Quantum Matter Seminar
Note: This event will be a virtual seminar please see the zoom link below:
Well-controlled synthetic quantum systems, such as ultracold atoms in optical
lattices, offer intriguing possibilities to study complex many-body problems relevant
to a variety of research areas. In particular, out-of-equilibrium phenomena constitute
natural applications of quantum simulators, which have already successfully
demonstrated simulations in regimes that are beyond reach using state-of-the-art
numerical techniques. While generic models are expected to thermalize according to
the eigenstate thermalization hypothesis (ETH), violation of ETH is believed to occur
mainly in two types of systems: integrable models and many-body localized systems
(MBL). In between these two extreme limits there is, however, a whole range of
models that exhibit more complex dynamics.
The 1D tilted Fermi-Hubbard model has emerged as a versatile platform to study a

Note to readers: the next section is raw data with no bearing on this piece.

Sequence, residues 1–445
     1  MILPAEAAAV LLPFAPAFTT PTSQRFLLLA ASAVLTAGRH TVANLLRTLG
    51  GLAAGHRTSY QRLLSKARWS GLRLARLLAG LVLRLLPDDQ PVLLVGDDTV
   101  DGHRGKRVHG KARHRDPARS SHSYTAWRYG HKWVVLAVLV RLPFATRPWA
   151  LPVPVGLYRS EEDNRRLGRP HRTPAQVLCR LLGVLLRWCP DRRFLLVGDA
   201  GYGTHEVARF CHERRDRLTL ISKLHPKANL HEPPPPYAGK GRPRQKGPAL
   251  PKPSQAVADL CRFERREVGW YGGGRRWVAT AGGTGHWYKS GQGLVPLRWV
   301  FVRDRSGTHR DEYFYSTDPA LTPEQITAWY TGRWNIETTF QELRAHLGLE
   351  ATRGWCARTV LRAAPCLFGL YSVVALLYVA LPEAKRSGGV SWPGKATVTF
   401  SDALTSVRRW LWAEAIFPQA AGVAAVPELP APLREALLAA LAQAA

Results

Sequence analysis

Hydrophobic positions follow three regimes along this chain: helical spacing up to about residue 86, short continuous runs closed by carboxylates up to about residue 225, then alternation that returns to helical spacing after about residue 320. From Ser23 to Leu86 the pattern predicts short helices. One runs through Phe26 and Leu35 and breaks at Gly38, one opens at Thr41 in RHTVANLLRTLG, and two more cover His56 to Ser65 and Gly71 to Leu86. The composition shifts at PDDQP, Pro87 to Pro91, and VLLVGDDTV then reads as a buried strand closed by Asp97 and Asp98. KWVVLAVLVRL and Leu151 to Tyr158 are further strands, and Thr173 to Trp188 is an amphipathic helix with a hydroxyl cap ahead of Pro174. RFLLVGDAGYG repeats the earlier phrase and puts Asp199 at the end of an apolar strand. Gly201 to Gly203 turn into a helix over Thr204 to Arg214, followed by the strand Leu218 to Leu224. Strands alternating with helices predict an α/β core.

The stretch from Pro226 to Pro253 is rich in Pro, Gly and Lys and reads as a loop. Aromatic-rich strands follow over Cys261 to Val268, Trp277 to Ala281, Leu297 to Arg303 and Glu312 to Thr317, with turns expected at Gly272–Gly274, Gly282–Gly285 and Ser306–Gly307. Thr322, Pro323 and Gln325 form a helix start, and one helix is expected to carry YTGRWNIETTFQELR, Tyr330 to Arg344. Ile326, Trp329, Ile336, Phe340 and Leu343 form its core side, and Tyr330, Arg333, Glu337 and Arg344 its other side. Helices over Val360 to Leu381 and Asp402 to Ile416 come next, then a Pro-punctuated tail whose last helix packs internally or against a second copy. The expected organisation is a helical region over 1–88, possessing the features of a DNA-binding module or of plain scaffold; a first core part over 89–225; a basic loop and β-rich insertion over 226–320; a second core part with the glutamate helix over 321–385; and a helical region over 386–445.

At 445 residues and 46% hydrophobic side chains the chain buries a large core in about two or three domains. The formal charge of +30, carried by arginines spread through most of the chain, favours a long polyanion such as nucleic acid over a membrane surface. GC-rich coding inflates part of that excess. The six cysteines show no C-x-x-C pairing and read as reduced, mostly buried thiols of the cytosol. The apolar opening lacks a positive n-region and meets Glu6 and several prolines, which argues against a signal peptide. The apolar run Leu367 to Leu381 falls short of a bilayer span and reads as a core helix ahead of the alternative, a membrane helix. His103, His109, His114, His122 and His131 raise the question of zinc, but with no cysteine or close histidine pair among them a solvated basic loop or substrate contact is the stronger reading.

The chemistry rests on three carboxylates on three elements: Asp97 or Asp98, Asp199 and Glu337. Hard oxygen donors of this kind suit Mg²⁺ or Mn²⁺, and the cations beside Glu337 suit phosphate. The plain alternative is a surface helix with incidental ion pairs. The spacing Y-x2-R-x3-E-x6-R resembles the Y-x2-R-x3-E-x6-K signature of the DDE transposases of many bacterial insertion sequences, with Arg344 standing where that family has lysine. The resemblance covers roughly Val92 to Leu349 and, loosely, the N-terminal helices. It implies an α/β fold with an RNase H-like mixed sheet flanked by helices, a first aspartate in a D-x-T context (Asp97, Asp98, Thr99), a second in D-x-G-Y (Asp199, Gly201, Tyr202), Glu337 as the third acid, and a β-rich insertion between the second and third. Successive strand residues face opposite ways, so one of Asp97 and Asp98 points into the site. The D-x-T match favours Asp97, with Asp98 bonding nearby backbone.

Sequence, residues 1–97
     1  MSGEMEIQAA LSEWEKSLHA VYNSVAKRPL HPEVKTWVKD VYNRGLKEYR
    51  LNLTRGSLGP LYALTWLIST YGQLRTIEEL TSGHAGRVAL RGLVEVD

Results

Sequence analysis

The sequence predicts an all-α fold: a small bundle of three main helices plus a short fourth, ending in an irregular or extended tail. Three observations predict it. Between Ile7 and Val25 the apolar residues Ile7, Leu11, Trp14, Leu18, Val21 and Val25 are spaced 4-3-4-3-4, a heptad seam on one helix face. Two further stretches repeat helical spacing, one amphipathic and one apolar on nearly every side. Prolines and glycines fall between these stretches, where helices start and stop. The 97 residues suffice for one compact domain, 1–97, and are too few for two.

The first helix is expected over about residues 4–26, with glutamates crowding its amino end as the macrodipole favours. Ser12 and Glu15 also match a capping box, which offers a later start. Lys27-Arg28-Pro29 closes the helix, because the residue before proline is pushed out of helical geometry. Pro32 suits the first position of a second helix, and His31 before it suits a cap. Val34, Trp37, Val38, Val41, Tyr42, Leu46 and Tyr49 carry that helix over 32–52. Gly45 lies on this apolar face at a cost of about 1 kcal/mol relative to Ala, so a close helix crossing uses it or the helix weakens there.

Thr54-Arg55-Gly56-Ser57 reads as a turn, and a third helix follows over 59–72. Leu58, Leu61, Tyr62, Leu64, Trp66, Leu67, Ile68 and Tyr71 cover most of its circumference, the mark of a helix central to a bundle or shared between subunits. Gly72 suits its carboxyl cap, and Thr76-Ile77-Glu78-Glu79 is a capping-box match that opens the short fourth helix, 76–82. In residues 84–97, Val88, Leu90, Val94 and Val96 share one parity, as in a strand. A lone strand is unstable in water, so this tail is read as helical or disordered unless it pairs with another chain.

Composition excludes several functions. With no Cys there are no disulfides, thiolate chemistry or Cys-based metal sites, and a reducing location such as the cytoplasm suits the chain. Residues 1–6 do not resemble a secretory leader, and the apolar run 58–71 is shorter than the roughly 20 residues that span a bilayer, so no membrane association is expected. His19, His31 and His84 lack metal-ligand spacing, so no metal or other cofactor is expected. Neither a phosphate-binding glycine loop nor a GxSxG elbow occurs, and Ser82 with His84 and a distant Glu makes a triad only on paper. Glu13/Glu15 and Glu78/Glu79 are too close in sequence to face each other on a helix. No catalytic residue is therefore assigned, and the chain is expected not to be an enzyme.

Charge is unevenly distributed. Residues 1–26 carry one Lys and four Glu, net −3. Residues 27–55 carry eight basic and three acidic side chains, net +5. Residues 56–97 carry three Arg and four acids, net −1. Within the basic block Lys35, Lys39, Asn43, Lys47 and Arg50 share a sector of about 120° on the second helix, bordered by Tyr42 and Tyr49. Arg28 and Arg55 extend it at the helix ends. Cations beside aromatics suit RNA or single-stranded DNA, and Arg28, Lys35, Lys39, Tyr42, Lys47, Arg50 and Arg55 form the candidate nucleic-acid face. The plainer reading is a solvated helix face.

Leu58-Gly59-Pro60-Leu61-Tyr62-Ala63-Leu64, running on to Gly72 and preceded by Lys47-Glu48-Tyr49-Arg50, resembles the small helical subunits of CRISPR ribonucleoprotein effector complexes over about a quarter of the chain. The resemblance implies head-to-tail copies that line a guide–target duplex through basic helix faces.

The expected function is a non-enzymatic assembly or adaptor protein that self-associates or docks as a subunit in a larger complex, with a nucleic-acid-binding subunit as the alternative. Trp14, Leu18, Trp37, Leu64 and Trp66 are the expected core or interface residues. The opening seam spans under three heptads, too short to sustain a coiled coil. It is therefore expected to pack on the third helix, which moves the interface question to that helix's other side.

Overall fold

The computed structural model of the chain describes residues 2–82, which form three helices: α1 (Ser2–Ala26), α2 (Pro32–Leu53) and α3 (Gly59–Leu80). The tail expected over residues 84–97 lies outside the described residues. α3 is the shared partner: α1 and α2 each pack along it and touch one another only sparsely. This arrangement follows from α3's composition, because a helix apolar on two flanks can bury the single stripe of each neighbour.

rich variety of weak ergodic-breaking phenomena in a clean system without disorder.
We have realized this model with fermionic K-atoms and observed a surprisingly
robust memory of the initial state over a wide range of parameters , which we
explain via emergent kinetic constraints. Our measurements were performed in
systems of about 290 lattice sites for up to 700 tunneling times - a regime that is
currently not accessible with state-of-the-art numerical techniques. We have used
these results to benchmark a novel more efficient numerical technique . Moreover,
in the large-tilt regime the observed non-ergodic behavior is explained by an
emergent fragmentation of the many-body Hilbert space into an exponential number
of dynamically disconnected subspaces . The experimental realization of this
regime paves the way for future studies at the interface of MBL and weak-ergodicity
breaking phenomena in one- and two-dimensions.
 S. Scherg et al., Nat. Comm. 12, 4490 (2021).
 B. Hebbe Madhusudhana et al., arXiv:2105.06372, to appear in PRX Quantum.
 T. Kohlert et al., arXiv:2106.15586 (2021).